Actually I'll do a bit better than that. Some people might say the music business is run by a bunch of well mannered thugs in suits. Right now we have the ludicrous situation where Taylor Swift is being banned from singing her own songs, Sandi Thom was pushed out of the business by the playlist of a certain broadcasting company and numerous artists have retired hurt. Just listen to the late Kirsty McColl's song on the subject.
We have had a few nasty bits of work on the Folk Scene as well, take a look at some previous threads on here. If you are a successful singer in any medium my opinion is you need to remain as independent as you can.
I'll give you an example a certain singer recorded a contemporary song with the writers permission. The writers recording and publishing company demanded he pay royalties. The singer said 'Not even a problem! I'll post the cheque directly to the writer then shall I?' The voice on the phone said he would be very displeased if that happened, and might take further action, for the money was his company's cash, and did not belong to the writer. The singer backed down and said OK, because he was fairly young and inexperienced, The singer later met the writer who said he had received no money at all.
At the same time the singer was turned over by his previous record label. Those who ran said label it is alleged did very nicely.
Oh happy memories- Dingle we have a luverly time the day we went to the cleaners!


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Subject: RE: The current state of folk music in UK
From: Jim Carroll
Date: 16 Nov 19 - 03:05 AM

"Only because we don't know who wrote them. They didn't write themselves. A really stupid statement."
Nothing stupid about it
It's not their anonymity that makes them folk songs but what happened to them
The songs were taken up and passed on and changed by whoever took them up in the process - that's what defines them as folk songs
Some of them almost certainly were made communally - we have a number of examples of recently composed (40-60 year old) being made by groups of people passing lines and verses between each other until they finished up with full songs
In each case, the names of the people who were involved were not known, the communities took them up and they became part of Traveller/Clare culture
The law deems such songs to be public public property - you think that stupid, take it up with the law
Walter was spot on (as he usually was) when he said "They're everybody's"
      
In my opinion, all folk songs are 'arrangements' so it is sharp practice for any modern artist to copyright their arrangement, because they are doing so on the backs of the legal owners "Everybody"
If there is any money to be made out of selling such songs it should be ploughed back into the preservation of folk song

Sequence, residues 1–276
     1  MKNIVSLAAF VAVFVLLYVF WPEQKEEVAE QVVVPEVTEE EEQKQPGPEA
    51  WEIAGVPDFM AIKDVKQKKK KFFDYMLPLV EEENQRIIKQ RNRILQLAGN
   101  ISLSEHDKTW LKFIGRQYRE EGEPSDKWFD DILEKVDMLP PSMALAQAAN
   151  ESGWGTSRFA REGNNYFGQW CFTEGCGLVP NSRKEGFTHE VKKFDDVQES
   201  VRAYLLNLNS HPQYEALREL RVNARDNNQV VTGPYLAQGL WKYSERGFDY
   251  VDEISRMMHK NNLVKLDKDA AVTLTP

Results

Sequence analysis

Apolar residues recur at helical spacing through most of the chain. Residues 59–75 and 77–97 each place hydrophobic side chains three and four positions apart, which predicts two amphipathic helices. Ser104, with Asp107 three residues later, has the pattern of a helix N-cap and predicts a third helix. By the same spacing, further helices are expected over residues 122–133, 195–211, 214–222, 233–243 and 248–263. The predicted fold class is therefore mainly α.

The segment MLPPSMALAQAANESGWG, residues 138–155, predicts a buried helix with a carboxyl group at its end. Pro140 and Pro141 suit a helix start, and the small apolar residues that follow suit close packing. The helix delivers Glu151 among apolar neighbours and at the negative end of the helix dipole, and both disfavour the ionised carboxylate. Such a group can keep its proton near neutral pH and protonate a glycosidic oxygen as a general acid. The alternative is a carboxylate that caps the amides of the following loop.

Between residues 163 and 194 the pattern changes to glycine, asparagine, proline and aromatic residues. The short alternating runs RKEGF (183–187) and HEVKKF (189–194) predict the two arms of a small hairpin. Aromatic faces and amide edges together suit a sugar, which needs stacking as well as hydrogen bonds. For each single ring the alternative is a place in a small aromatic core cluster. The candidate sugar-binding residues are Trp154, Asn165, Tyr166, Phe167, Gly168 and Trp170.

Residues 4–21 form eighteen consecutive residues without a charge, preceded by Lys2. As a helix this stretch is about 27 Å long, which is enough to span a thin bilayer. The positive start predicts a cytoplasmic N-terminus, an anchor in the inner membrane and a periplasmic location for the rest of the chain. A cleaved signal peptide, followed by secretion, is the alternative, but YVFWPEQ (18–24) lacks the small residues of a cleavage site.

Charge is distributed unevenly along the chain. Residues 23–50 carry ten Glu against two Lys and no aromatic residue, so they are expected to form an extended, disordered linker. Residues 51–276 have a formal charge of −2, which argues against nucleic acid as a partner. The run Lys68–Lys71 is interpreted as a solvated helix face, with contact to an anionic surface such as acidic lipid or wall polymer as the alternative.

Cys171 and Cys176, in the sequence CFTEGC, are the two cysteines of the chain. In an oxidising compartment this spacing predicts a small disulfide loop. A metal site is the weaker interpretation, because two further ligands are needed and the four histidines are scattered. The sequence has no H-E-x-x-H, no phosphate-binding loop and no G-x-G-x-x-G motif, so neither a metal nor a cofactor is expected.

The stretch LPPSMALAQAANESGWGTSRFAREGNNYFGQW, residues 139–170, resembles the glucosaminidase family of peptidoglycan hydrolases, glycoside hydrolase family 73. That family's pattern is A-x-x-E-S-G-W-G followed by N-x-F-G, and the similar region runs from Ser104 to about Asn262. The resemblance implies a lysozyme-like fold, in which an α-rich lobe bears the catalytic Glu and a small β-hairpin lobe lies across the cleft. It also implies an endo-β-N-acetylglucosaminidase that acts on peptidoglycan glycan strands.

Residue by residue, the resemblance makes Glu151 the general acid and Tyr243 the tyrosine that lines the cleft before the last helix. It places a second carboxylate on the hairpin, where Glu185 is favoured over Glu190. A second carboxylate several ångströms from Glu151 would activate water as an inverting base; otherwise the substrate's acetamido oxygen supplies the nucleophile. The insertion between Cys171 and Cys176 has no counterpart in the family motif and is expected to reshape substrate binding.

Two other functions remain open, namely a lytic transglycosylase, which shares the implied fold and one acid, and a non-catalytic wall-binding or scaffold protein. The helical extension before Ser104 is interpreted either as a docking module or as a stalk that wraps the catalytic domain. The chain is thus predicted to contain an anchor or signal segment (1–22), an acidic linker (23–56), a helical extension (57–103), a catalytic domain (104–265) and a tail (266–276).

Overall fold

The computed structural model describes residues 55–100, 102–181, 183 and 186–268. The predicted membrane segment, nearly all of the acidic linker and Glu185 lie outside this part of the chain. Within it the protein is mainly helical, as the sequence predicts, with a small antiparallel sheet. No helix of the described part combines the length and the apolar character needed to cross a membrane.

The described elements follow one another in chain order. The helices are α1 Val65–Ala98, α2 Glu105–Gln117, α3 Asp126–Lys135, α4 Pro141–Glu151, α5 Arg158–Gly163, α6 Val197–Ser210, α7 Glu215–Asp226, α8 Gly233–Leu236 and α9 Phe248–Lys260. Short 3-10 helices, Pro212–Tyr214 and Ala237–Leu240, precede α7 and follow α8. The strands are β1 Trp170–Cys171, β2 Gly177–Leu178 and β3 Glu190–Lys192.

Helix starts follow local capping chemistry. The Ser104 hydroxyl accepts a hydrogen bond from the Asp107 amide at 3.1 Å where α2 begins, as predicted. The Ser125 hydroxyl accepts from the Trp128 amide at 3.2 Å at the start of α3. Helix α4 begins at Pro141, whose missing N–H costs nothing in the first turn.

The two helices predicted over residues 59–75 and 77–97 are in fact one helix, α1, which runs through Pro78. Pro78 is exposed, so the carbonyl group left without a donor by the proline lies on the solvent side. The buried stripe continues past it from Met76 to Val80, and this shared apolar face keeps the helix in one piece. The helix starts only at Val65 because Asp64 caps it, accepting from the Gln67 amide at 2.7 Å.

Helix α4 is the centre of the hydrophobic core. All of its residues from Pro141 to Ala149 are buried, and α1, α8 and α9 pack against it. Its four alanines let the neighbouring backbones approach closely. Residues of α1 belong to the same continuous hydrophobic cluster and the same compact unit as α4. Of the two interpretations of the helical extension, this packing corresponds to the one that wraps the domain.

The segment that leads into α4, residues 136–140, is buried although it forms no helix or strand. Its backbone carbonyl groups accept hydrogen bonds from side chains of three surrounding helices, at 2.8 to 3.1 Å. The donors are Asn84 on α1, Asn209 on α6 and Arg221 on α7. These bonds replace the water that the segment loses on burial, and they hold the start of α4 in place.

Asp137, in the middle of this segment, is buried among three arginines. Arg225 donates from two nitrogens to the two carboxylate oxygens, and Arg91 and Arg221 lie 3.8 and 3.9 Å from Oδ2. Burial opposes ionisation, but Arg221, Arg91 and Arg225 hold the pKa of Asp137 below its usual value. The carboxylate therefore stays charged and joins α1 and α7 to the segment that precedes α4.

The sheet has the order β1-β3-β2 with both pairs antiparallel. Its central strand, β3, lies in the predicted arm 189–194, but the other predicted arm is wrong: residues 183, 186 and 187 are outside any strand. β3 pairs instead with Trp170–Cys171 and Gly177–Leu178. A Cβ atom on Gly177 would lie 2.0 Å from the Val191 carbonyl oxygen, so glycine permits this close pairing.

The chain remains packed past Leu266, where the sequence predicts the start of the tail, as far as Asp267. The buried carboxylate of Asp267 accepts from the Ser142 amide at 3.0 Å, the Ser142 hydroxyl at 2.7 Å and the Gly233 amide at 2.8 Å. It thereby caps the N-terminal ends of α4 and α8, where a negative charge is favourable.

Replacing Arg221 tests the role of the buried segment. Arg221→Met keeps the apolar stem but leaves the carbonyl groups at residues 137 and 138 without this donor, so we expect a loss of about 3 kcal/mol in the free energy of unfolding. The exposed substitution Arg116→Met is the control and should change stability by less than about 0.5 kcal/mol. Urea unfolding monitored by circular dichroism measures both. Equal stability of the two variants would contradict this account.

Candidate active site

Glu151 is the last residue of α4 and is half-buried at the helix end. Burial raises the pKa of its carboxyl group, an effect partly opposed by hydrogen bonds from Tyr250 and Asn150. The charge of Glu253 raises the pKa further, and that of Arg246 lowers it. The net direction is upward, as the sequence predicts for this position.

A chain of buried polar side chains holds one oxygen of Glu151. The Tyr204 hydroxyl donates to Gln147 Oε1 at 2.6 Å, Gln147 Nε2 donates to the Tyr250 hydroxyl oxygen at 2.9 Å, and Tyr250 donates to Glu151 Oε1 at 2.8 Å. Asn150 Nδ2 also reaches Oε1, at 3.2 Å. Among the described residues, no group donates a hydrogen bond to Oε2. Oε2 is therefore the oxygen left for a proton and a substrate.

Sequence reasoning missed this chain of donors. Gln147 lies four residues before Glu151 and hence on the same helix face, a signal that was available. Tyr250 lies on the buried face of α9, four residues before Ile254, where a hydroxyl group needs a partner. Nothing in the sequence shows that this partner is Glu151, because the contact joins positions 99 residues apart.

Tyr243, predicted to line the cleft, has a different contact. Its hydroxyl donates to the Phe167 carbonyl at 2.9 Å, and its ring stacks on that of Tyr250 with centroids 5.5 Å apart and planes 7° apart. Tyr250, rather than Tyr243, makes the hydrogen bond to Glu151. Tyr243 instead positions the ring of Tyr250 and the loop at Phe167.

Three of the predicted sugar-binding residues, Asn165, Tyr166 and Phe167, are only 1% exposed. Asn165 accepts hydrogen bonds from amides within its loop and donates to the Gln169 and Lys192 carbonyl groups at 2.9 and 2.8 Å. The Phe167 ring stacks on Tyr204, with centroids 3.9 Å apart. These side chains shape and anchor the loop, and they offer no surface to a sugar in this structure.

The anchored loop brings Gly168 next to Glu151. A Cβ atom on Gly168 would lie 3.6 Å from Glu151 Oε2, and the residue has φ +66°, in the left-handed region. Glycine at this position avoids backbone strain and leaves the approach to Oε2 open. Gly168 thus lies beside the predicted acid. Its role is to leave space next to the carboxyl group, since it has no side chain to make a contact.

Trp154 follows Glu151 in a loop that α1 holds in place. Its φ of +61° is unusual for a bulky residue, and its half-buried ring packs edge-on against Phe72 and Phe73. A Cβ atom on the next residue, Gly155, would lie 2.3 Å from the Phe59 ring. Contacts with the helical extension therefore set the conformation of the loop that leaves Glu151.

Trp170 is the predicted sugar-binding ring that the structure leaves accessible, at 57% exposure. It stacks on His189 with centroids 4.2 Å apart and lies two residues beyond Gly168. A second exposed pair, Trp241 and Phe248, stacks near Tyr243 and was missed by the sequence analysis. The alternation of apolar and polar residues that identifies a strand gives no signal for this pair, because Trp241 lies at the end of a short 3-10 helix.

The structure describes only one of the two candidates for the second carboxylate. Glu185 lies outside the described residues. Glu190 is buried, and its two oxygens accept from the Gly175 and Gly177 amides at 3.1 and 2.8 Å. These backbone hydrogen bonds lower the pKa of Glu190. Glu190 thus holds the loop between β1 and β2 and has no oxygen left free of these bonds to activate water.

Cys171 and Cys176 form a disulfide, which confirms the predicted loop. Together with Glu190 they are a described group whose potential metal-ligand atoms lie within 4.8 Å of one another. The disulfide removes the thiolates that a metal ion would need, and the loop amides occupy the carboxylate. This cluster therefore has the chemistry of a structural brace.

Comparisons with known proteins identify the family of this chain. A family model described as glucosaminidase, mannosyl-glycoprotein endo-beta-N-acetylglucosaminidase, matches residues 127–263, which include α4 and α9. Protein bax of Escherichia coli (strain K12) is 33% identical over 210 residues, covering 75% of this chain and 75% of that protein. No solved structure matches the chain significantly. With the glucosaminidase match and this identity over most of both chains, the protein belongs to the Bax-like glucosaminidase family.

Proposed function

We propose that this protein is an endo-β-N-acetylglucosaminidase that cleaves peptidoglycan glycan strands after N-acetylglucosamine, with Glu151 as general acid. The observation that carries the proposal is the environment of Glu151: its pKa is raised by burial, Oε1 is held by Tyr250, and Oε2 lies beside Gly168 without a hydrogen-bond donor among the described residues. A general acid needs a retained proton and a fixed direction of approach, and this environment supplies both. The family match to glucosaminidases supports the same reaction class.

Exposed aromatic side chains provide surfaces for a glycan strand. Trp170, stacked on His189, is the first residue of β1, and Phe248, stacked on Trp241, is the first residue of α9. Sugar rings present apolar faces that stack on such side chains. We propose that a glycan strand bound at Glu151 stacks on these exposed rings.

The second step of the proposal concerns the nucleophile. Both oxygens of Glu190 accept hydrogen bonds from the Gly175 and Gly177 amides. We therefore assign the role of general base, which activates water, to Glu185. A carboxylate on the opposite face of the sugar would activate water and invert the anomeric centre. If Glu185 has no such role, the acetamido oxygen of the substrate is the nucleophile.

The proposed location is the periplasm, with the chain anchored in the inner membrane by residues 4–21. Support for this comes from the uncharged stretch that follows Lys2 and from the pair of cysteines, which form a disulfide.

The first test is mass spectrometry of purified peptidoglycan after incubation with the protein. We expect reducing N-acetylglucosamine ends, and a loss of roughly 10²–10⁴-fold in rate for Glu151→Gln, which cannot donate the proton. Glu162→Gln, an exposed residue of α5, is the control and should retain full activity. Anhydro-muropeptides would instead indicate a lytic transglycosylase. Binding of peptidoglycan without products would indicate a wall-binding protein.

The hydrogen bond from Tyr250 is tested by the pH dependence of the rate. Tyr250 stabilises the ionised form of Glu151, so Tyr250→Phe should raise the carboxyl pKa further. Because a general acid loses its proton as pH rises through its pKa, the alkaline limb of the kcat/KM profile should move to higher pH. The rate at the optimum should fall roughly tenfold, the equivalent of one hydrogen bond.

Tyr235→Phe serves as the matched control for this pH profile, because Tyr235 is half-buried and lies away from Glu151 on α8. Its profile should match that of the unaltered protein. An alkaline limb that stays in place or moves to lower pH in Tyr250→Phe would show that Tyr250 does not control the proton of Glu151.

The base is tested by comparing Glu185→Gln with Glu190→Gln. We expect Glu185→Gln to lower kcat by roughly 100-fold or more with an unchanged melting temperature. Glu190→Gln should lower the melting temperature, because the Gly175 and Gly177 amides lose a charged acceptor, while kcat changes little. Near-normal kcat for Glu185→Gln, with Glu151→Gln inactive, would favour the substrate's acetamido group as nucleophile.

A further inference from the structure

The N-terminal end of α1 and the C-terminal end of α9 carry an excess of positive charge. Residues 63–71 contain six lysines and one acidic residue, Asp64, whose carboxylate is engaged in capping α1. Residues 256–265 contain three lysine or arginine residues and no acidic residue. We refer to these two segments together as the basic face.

Singers are entitled to earn money from singing folk songs (being paid for their labour) if that's what they choose to do, but that's it - end of story
Jim Carroll


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Subject: RE: The current state of folk music in UK
From: The Sandman
Date: 16 Nov 19 - 02:56 AM

Subject: RE: The current state of folk music in UK
From: GUEST
Date: 15 Nov 19 - 05:32 PM

"... why paul macs songs will never be folk songs another reason is that they cannot evolve "
Crap. Of course they can "evolve". It's all down to what musicians do with them. They will "never be folk songs". So what ?
NO YOU ARE WRONG THE LYRICS OF YESTERDAY DO NOT CHANGE THEY DO NOT EVOLVE ,MUSICAL ARRANGEMENTS MAY CHANGE, BUT THE LYRICCS ARE PERFORMED AS WRITTEN ALWAYS. They will never be tradtional songs they are composed material and the lyrics are never changed ,they may be good songs but they are not trad material ,whether you like it or not there isan accepted definition of tradtional


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Subject: RE: The current state of folk music in UK
From: The Sandman
Date: 16 Nov 19 - 02:47 AM

if you write a tune for a set of words , as i understand it it is more than trad arranged , you receive 50 per cent of the amount of a self composed song and sometimes more.
i did not say the amount would be so small it would be an insult. YOU HAVE MISQUOTED ME.
On the subject of bands having hits, it seems to have been quite common for the bands to have been ripped off depending on the contracts signed examples, bo diddley the small faces.
Nick if the music belongs to everybody, logically it means just that. trad music in the words of walter belongs to everybody , the problem arise when commercialism steps in and greedy agents etc.
all this illustrates the current state of folk music in the uk it gets fucked up when money grabbing people enter the scene be they, Kennedy. dave bulmer,
Nick called them family songs, but are they self composed songs? or tradtional material, and unless they are copyrighted gypsy like gorgios are not protected, if they are copyrighted it means in theory they cannot be sung by others if the people are getting paid for singing them ,enforcing that is more difficult


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Subject: RE: The current state of folk music in UK
From: GUEST,Nick Dow
Date: 16 Nov 19 - 02:21 AM

A bit dodgy for me to comment, for obvious reasons. Until I see what they actually put, and what system they used for payments if any it would be better for me to keep my gob shut. I don't know that they did not put Trad arr. and which publishing company they used.
Like I said welcome to the muso business.


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Subject: RE: The current state of folk music in UK
From: Big Al Whittle